Defective wound healing in ORPK (IFT88Tg737Rpw) mutant mice

By investigating the possible role of primary cilia in regulating wound healing in vivo, we found that Tg737orpk animals had significant defects in wound closure compared to wt animals. These data suggest that primary cilia play a role in physiological wound repair, and that PDGFRα signaling in primary cilia in fibroblasts is part of this repair process, since impaired wound healing is associated with defects in PDGF-AA signaling in diabetic mouse models [48]. It is important to note that the analysis of wound repair in vivo is complex and multiple signaling pathways, in addition to PDGFRα, may be impaired by loss of cilia function. The ORPK mutants on the FVB/N inbred background have multiple health problems including growth retardation, hydrocephalus, polycystic kidney, liver and pancreatic diseases and hyperkeratosis in the skin that may contribute to an impaired wound healing response [49]. To fully address this issue in the absence of other potentially confounding phenotypes will require the use of conditional mutants that will specifically disrupt ciliary function in the skin fibroblasts. However, our in vitro model is consistent with the observed defects in in vivo wound healing, with PDGFRαα contributing to directional migration of fibroblasts. The mutants likely achieved partial closure via fibroblast migration in response to additional signals, much as the in vitro fibroblasts migrate in response to serum stimulus. At in vivo wound healing conditions, the establishment of gradients of chemotactic mediators for directional cell migration, including PDGF-AA, is coordinated by platelets, whereas serum released to the wound serves to form the fibrin/fibrinonectin network in clotting that provides the provisional ECM, which supports migration of fibroblasts and immune cells into the wound [14]. Consequently, fibroblasts that lack the primary cilium are blind to PDGF-AA and move more randomly.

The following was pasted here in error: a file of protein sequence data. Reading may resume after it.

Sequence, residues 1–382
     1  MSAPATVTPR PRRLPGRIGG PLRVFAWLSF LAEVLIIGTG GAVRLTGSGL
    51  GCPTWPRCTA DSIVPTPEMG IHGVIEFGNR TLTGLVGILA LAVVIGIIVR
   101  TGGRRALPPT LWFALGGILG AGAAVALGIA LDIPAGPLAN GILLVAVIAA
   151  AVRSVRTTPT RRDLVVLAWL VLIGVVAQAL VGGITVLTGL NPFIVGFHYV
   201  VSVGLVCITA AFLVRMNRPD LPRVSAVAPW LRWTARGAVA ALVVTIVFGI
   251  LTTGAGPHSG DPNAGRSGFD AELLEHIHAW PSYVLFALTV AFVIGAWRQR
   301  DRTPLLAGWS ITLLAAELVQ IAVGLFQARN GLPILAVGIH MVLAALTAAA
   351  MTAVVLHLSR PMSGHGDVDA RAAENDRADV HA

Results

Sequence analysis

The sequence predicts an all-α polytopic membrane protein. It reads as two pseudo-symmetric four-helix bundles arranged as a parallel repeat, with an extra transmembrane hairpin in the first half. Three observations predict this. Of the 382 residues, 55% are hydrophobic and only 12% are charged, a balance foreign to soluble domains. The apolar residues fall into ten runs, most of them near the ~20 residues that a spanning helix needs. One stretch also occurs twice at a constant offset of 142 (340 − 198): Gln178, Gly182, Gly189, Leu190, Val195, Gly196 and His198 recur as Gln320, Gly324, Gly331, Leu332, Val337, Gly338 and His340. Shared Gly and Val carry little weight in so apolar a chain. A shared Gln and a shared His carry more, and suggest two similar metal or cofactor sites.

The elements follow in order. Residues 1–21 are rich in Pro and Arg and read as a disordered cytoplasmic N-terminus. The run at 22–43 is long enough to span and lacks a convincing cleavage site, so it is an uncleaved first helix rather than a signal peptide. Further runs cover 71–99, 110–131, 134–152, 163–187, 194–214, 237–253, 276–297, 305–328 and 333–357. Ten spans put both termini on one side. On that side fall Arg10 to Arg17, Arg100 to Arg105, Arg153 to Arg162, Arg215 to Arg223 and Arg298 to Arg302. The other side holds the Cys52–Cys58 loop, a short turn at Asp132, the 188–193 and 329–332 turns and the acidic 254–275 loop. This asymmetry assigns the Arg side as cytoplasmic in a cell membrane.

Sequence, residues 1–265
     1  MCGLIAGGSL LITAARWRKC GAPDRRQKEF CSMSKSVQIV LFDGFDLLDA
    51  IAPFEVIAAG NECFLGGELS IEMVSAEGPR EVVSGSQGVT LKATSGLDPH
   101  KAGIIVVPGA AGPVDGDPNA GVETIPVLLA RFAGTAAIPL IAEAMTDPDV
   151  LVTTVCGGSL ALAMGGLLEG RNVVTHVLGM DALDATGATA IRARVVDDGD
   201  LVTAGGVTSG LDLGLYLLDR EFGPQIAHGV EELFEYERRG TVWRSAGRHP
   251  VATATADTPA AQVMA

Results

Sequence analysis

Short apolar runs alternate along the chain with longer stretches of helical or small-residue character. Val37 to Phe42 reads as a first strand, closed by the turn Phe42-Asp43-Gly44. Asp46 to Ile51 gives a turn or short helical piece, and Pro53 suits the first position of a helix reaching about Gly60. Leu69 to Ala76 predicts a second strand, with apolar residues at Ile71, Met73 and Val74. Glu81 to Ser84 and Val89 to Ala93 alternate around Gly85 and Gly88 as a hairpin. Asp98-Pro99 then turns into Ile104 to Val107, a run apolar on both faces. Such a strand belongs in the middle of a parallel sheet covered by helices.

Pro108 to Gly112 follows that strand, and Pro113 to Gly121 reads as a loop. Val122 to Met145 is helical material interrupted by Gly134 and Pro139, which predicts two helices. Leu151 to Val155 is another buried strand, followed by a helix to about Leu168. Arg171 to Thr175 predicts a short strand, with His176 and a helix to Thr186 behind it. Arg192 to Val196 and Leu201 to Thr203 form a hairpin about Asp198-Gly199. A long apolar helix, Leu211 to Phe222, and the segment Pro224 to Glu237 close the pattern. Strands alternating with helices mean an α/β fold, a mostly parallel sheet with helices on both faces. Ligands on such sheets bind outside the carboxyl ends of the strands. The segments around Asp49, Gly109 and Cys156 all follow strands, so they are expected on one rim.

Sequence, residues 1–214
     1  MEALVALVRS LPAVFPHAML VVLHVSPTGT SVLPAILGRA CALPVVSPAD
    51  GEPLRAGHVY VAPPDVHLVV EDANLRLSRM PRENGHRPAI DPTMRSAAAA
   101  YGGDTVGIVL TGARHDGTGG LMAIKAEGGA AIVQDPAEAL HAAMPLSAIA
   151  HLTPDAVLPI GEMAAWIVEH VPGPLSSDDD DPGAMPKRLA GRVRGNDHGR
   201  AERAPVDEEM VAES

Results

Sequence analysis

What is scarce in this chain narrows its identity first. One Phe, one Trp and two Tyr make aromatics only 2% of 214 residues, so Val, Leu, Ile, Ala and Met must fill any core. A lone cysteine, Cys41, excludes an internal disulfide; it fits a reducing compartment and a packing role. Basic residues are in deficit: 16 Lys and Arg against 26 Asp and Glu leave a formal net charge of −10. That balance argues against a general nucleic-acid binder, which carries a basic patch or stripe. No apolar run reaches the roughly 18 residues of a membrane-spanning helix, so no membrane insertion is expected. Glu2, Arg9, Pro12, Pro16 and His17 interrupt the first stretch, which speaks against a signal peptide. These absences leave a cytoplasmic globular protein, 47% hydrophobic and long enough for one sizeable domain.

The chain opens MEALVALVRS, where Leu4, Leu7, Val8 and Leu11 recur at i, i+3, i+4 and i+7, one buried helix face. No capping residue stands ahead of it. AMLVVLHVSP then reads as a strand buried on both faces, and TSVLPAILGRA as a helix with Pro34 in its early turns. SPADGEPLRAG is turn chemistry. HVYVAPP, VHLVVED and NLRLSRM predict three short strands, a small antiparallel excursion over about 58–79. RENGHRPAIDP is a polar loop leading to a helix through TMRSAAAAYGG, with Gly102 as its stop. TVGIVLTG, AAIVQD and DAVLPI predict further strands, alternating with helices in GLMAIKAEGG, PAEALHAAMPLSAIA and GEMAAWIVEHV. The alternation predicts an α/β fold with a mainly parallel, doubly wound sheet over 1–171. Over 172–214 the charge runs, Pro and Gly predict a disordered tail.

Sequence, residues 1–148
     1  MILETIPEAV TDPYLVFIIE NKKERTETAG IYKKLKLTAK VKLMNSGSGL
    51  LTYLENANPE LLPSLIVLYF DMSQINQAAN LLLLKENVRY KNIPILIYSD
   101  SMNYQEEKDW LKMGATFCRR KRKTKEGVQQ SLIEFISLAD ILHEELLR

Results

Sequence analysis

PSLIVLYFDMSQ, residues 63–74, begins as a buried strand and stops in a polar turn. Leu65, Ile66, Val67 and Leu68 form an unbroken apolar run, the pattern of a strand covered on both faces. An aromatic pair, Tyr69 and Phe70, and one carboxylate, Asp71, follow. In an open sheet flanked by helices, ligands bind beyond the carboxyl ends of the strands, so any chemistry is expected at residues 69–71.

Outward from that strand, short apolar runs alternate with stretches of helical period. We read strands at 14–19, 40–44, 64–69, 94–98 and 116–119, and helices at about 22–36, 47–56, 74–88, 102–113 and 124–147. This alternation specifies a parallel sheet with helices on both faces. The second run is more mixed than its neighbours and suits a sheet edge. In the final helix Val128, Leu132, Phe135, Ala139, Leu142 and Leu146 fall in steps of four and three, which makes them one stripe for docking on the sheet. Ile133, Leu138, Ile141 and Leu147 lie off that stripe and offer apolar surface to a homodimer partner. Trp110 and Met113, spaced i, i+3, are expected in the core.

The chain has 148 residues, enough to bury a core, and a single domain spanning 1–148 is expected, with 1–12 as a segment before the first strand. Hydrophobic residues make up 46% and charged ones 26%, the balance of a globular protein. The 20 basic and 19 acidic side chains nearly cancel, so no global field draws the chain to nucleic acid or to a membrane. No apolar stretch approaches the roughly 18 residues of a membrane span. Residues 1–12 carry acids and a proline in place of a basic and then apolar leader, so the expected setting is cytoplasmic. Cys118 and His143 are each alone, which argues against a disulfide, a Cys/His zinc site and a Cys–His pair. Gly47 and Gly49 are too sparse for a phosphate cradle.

Conclusions and perspectives

In tissue fibroblasts, the primary cilium may be part of the positioning machinery that coordinates cell polarity, which is essential for directed migration in wound healing and developmental processes [50]. In the absence of chemosensory stimuli, signals from the cilium may restrain excessive cell migration to prevent the uncontrolled and/or incorrect displacement of cells that is seen in Tg737orpk MEFs in scratch assays. During the establishment of a gradient of chemosensory stimuli and initiation of migration, the primary cilium may function as a cellular GPS [51] to monitor the directional movement and organize the coordinated actions of chemosensory stimuli and the dynamic reorganization of the cytoskeleton. It seems probable that signaling molecules generated within the primary cilium leave the cilium and impinge on the centrosome, surrounding the ciliary basal body [52], where proteins such as activated Akt could modulate actin, microtubule and cell junction reorganization and generalized cell motility. A second PDGFRαα-mediated signaling pathway that could affect the migratory response is the Mek1/2-Erk1/2 pathway, which is specifically activated in the primary cilium upon PDGF-AA stimulation in fibroblasts [20].